Key to any planning to be done for the 2020/21 season is a start date, with rumours surfacing almost daily about the end of August or the beginning of September being targeted.
“We had a discussion about this during our last meeting and there was some new information about when the season might start,” chief executive Nigel Clibbens confirmed. “A couple of dates were floated towards the end of August and early September, but there’s an international break in the middle of that.
“Obviously that shouldn’t really affect League Two, and I think clubs are going to be asked if they want to start sooner rather than later around those kind of times. It’s a trade-off, if we can get the rules about what happens with fans really clear, and clubs can start earning some income, I think we’ll all just want to get on with it.
“If it’s still unclear as to what will happen, with the costs that come along with that coupled with no funding to pay for it, again it becomes quite difficult to even think about staging games or starting a season. We’d all find it hard with no income and a lot of costs.
“What I will say is that the mist is starting to clear, but it’s happening slowly. What we do know is that we aren’t going to get the fixtures until mid-August, with the National League play-off final not until 2 August, so even getting those fixtures two weeks later is a test, given the complexity of what’s needed to come up with the final scheduling.
“That’s why there’s going to be a lot of uncertainty for quite a while yet. You’ll have seen that the EFL are appealing the Macclesfield disciplinary commission punishment, so we don’t know what that will mean in terms of relegation, particularly if it means that another points deduction is made.
“Equally the EFL still needs to decide whether the National League has satisfied its criteria of certainty of a start for next season to know if anybody will get relegated in the first place. I’ve raised that specific point because it’s one that needs to be resolved quickly. They understand, but they weren’t able to say when we would know whether we had 24 or 25 teams for next season.”
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But does the fixture release date, whenever that takes place in August, mean that we can then start to work out when all of the fixtures will be played, in terms of cup and league competition?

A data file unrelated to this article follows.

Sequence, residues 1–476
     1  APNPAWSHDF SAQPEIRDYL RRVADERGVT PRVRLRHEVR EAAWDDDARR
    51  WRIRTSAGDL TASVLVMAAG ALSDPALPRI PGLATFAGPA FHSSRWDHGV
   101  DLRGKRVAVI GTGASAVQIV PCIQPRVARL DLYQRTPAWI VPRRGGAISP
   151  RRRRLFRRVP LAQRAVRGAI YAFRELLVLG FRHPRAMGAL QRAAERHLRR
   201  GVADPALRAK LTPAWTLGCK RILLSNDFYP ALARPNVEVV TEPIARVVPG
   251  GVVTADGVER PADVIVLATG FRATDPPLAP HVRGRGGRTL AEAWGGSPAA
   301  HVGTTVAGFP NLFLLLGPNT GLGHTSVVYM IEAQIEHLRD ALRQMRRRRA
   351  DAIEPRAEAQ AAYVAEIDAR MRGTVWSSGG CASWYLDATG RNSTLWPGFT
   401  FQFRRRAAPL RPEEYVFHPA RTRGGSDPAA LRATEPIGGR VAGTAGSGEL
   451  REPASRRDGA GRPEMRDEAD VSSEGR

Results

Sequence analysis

“A date will be set when the season can start, and that will determine where the fixture slots are from the dates that are available, and when games being played can actually happen,” he explained. “For instance, if you miss a Saturday or even two, in August or early September, because the season hasn’t yet kicked off, that ripples into the rest of the schedule and midweek places have to be found for them to be played.
“In turn that could affect the cup ties which you would normally expect to see on a Saturday, and it affects the contingency dates for replays. If you’ve used up all of your Tuesdays for league fixtures, it means you can’t have replays, and that affects the rules you have for each competition you take part in.
“Just from me saying that, you can see how the date that’s decided to start the season actually ripples into and impacts on everything. More complications come when you consider that clubs are paired, on police advice, so Nottingham Forest for example won’t ever play a home game on the same day as Notts County.
“Some of the regions that have big clubs in close proximity make that even more complicated, and all of these things cascade all the way down the pyramid as to who can play who, and when they can play them.
“The computer programme they run takes a lot of tinkering with and that’s why the fixtures can only come once the season start date has been set in stone. And, with Covid-19, that can only happen once you know whether or not you can even start the season. It’s a sequence, so we just have to wait and see.”
With the prospect of Saturday-Tuesday fixtures for some time to come, and that’s just with a league programme to complete, does that put FA Cup replays, Carabao cup ties and Leasing.com Trophy round robin fixtures under the spotlight for change or complete removal?
“As we sit here now, everybody is hoping that everything can stay the same,” he said. “But, the shorter the window you have for your fixtures, the more pressure there is on the planners because it all starts to become impractical.
“The moment your start losing Saturdays you’re into a really complicated and complex situation and eventually you run out of days where you can play the games without extending the season. If you get to that point you need to liaise with UEFA and FIFA and there are all kinds of regulations which govern that as an outcome. We’re finding that one decision ripples into many other ones and it is all really difficult.”
In part four of our interview, on the official website on Thursday morning, we’ll be talking to the chief executive about the summer transfer window … will it ever open?
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